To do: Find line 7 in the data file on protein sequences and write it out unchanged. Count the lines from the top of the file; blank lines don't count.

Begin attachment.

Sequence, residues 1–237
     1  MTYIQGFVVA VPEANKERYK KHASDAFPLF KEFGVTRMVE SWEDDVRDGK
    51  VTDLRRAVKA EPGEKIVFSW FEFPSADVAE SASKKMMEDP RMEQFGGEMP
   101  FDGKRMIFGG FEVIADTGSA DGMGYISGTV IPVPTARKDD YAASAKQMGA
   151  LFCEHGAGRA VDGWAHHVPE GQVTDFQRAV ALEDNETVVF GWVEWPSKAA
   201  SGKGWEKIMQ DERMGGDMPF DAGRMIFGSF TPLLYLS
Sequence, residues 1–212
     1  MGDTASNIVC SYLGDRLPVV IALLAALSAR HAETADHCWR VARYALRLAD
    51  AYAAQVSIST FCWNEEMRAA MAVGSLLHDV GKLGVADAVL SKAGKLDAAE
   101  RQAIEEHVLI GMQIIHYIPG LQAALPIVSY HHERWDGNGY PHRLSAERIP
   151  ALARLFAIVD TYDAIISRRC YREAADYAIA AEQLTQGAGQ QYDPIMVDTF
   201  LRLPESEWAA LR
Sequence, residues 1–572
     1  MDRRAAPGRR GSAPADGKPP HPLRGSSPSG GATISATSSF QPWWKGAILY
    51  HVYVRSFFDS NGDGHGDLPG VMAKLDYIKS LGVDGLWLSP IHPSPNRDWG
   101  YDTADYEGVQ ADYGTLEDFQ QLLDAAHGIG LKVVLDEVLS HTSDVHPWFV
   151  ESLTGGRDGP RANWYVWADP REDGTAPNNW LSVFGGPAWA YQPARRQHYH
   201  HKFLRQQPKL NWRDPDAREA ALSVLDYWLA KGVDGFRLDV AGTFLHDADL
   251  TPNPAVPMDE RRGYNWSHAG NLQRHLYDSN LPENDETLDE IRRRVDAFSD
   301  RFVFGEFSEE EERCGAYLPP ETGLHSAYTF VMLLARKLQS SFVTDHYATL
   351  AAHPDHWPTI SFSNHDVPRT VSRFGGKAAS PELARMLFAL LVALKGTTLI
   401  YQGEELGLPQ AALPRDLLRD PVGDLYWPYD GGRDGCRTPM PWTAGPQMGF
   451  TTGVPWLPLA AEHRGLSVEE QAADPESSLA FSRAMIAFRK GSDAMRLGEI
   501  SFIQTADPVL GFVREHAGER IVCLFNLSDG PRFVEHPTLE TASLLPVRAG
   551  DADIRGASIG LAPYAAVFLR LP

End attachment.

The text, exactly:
Sequence, residues 1–212